The top non-local story at the Washington Post is today's round of presidential primaries. A Super Tuesday package off-leads at the New York Times, which goes instead with the conviction yesterday of three NYPD officers of covering up the true facts of the station house cop assault of Abner Louima. The Wall Street Journal tops its front-page general news box with a new poll concerning hypothetical general election pairwise matchups, which for the first time, says the paper, shows Al Gore catching up to and running dead even with George W. Bush, with 46 percent apiece. The poll also has John McCain running ahead of Gore, 46 percent to 41 percent. The Los Angeles Times fronts the primaries but leads with the Energy Department's forecast that the national average gas price could be $1.80 per gallon by this summer and, predicts the paper, probably closer to $2 per gallon in California. Nobody else fronts the gas story. USA Today goes with Alan Greenspan's virtual promise, in a speech yesterday, that the Fed will raise interest rates later this month.
The papers report that McCain continues to rail against nominally independent ads criticizing his environmental record and, in fact, filed a formal complaint about them today. The Times sees McCain as having "lost energy." The papers say that Bush is continuing to respond to earlier worries that he was religiously divisive, the WP reporting that he had a warm phone conversation with New York's Cardinal O'Connor, and both the Post and NYT reporting that he said he might meet with gay Republicans, and made an appearance at Los Angeles' Museum of Tolerance. The coverage sees Gore as continuing to focus on Bush, the Post saying that yesterday he criticized Bush's failure to offer a health-care plan. Bradley, says the paper, "barring a miracle," plans to pull out on Thursday. The NYT finds Bradley giving a talk "devoid of political points," and at one point captures his campaign banner collapsing behind him as he spoke. And the paper reports that Gore spoke to a group of Jewish voters, to a gathering of hospital workers, and then dropped in on a lesbian and gay community center.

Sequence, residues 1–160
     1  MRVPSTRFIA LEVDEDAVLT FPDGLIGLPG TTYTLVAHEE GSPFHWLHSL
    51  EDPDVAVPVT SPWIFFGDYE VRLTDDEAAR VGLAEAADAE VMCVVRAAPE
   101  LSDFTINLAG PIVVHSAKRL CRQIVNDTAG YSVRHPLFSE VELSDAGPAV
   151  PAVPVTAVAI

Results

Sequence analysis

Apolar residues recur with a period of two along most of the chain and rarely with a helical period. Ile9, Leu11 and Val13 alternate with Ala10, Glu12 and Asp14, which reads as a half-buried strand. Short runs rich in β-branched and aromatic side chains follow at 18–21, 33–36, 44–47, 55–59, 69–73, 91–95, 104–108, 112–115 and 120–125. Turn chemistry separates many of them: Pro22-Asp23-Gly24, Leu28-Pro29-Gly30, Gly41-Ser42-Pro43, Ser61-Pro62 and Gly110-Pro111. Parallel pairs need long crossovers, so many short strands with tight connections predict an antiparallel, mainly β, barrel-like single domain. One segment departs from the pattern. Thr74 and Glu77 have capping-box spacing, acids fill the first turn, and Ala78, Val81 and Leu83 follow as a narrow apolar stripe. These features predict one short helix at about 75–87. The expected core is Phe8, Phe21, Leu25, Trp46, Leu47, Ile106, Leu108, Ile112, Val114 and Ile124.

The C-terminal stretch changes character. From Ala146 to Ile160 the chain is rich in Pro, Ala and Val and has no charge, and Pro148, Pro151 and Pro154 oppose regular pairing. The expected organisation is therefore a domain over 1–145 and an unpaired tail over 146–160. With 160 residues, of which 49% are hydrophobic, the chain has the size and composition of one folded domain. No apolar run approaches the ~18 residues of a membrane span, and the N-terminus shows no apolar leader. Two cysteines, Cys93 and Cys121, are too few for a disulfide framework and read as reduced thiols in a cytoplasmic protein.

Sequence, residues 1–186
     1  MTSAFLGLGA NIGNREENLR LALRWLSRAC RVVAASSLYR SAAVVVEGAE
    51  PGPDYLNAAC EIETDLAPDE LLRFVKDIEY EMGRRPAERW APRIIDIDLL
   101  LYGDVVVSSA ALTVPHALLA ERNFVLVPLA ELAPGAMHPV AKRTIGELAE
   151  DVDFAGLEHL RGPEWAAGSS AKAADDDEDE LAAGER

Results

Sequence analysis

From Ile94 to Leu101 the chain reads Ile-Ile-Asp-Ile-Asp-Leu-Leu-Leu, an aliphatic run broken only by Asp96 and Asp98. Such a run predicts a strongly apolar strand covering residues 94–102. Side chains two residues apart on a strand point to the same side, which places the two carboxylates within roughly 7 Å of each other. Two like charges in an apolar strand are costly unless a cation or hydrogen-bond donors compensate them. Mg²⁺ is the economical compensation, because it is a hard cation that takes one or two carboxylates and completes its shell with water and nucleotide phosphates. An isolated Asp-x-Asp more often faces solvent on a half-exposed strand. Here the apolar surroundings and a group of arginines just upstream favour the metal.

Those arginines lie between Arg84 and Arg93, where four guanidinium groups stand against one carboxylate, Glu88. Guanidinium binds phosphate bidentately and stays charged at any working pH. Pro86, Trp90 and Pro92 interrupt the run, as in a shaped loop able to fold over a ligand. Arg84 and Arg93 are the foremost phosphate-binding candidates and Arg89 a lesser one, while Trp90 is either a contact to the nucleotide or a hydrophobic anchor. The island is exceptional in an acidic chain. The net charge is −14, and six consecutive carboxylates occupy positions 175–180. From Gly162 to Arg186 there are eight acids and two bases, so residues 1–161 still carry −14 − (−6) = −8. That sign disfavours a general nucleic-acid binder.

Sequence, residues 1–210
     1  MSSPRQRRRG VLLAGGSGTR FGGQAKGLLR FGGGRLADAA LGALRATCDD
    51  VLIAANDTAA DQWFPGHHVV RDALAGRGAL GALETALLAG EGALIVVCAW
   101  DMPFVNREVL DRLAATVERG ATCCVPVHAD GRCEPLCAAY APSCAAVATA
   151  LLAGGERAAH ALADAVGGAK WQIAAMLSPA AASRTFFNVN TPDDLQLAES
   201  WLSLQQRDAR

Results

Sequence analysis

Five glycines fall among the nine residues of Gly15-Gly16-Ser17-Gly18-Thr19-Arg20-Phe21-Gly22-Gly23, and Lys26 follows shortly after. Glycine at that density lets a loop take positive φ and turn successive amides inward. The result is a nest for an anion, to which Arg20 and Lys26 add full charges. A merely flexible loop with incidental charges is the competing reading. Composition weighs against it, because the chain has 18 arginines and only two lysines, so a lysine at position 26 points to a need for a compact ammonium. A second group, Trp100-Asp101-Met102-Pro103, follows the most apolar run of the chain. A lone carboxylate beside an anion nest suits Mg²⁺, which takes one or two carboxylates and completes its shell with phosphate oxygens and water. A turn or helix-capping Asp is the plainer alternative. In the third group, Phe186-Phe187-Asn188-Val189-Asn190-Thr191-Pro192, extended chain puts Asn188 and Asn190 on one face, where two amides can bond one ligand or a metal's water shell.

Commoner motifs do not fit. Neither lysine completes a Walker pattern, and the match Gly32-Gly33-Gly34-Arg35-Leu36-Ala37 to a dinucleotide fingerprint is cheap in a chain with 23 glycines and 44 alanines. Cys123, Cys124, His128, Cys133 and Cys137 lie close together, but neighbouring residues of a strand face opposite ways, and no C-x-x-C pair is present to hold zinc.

USAT fronts the appearance together in Denver of Jim Brady and an NRA honcho, both in support of Project Exile in Colorado, the third state to adopt the program, which emphasizes hard prison time for gun offenses.
An inside NYT story carries this quotation: "I don't trust the police, and I don't think people can depend on them for protection or to solve a crime when it happens." More citizen disgust with the NYPD? Well no, this is a Kyoto street vendor's opinion of the cops in his city. It seems that in Japan, where police were long celebrated as models of honesty and competence, a series of foul-ups and scandals have left, according to one poll, 45 percent of the populace not trusting the police at all.
The WP reports inside that the influx of Western helicopters is enabling an expanded effort to rescue and feed some 250,000 flood victims in Mozambique. Despite the aid, however, the death toll has risen to 400, with malaria on the rise, and medical officials concerned about the threat of cholera and dysentery. The end of the story mentions an extra concern: These developments threaten one of Africa's few democracies.
The WP reports on the musical tastes of the presidential contenders--with the exception of Bill Bradley and Alan Keyes, who didn't respond to the paper's inquiry. Like, what are they so busy with?